9. Economist Gavin Kennedy with some interesting thoughts on the relationship between the state and the economy in developing nations:
The problem is to achieve the right balance between a competitive market economy and an effective state: markets where possible; the state where necessary.
10. Climate Change: Key Data Points from Pew Research. Highlights some interesting shifts in the public's priorities.
11. Great piece about yet another way family life is changing. Yes, I’m a Homemaker
I’m a guy. My wife works. We’ve got no kids. I’m a stay-at-home dude.
"... What a sweet picture this conjures: the stay-at-home dad nurturing his children, looking after the house and helping support his wife in her budding career and shelving his own big ambitions for later. Now it gets a little awkward. There is no adorable kid, nor plans to have one. No starter home that needs knocking into shape. I'm not just doing this temporarily until I find something meaningful to do. I’m actually a full-time homemaker ... not stay-at-home dad but stay-at-home dude. A conversational pause. Where do you mentally file this guy? Usually I just change the subject. ..."
12. The Atlantic reports that Women Are Often Remarkably Reluctant to Ask for Help Around the House
A new study shows that high-earning women are more likely to let their houses be messy than to hire a housekeeper or get their husbands and kids to pitch in. ...
... "You can purchase substitutes for your own time, you can get your husband to do more, or you can all just do less," Killewald says. "Whether women outsource housework in particular has less to do with resources, but whether or not paid labor is viewed as an appropriate strategy for undertaking domestic work.
Doing less housework seems to be a popular option. ...
13. Business insider reports on a finding that comes as no shock to me: Men Really Do Have A Harder Time Reading Other People's Emotions.
Psychiatrists have concluded that males take longer to assess facial expressions as their brains have to work twice as hard to work out whether another person looks friendly or intelligent.
14. Daniel Kirk with a thoughtful piece Homosexuality under the Reign of Christ
In particular, researchers found that 40% of people say they would avoid someone who unfriended them on Facebook, while 50% say they would not avoid a person who unfriended them. Women were more likely than men to avoid someone who unfriended them, the researchers found.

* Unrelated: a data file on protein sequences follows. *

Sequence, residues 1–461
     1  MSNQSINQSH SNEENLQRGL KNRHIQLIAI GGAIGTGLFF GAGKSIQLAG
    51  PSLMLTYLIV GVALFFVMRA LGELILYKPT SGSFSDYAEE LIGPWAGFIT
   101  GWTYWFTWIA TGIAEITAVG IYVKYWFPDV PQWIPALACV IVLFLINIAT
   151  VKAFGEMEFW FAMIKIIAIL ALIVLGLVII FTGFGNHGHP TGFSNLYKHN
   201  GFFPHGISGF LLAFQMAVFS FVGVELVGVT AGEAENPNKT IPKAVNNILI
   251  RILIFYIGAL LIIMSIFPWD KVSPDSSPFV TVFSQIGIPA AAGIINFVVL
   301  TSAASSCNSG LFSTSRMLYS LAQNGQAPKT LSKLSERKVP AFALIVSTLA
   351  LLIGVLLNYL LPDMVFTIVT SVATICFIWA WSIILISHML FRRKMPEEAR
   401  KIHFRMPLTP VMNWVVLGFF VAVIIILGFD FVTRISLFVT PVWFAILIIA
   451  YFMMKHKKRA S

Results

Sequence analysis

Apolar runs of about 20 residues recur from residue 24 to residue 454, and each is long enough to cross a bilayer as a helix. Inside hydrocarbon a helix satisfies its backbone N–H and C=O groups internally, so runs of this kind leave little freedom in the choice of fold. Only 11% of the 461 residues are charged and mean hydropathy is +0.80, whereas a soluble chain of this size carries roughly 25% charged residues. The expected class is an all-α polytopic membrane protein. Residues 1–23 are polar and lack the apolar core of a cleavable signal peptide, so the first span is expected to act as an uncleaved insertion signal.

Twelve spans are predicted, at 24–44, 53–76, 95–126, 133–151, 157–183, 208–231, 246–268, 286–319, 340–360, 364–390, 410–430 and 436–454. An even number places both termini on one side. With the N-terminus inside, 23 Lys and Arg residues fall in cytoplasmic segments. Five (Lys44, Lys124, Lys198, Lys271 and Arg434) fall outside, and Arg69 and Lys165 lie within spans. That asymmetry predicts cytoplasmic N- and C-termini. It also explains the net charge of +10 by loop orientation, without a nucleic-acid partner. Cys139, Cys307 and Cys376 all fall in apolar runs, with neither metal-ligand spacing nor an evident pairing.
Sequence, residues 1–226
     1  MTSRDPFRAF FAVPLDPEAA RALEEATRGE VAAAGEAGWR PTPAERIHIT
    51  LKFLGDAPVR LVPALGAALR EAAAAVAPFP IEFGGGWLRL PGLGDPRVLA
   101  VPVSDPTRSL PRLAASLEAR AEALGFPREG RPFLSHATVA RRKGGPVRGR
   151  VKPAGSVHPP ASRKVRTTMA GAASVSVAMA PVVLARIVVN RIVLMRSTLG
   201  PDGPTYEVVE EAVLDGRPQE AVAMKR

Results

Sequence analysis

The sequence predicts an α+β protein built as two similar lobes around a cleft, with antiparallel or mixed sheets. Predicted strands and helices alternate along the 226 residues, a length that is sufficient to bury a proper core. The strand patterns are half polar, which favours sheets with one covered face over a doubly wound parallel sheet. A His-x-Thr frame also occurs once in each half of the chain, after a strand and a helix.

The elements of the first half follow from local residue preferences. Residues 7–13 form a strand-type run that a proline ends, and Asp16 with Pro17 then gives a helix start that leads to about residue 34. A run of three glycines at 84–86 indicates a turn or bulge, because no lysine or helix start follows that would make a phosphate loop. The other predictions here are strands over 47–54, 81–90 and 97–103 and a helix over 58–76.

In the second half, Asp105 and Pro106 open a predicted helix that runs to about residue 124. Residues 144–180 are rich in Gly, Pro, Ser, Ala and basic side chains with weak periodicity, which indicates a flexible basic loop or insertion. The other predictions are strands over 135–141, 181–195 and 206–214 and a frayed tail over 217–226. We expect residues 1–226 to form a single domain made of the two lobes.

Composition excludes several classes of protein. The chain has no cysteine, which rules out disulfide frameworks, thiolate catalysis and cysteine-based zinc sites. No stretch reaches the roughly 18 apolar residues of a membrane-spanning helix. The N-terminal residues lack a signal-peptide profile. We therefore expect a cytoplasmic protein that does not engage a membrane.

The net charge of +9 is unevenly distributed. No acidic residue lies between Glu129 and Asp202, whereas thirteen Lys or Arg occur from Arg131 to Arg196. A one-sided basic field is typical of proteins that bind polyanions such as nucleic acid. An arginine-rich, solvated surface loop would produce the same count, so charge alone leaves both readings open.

... Libraries are responding to the decline of print in a variety of creative ways, trying to remain relevant – especially to younger people – by embracing the new technology. Many, such as New York’s Queens Public Library, are reinventing themselves as centers for classes, job training, and simply hanging out. In one radical example, a new $1.5 million library scheduled to open in San Antonio, Texas, this fall will be completely book-free, with its collection housed exclusively on tablets, laptops, and e-readers. “Think of an Apple store,” the Bexar County judge who is leading the effort told NPR. It’s a flashy and seductive package.
But libraries are about more than just e-readers or any other media, as important as those things are. They are about more than just buildings such as the grand edifices erected by Carnegie money, or the sleek and controversial new design for the New York Public Library’s central branch. They are also about human beings and their relationships, specifically, the relationship between librarians and patrons. And that is the relationship that the foundation created by Microsoft co-founder’s Paul G. Allen is seeking to build in a recent round of grants to libraries in the Pacific Northwest. ...
17. 3-D Printing just gets more amazing. A 3D Printer That Generates Human Embryonic Stem Cells
3-D printers can produce gun parts, aircraft wings, food and a lot more, but this new 3-D printed product may be the craziest thing yet: human embryonic stem cells. Using stem cells as the "ink" in a 3-D printer, researchers in Scotland hope to eventually build 3-D printed organs and tissues. A team at Heriot-Watt University used a specially designed valve-based technique to deposit whole, live cells onto a surface in a specific pattern.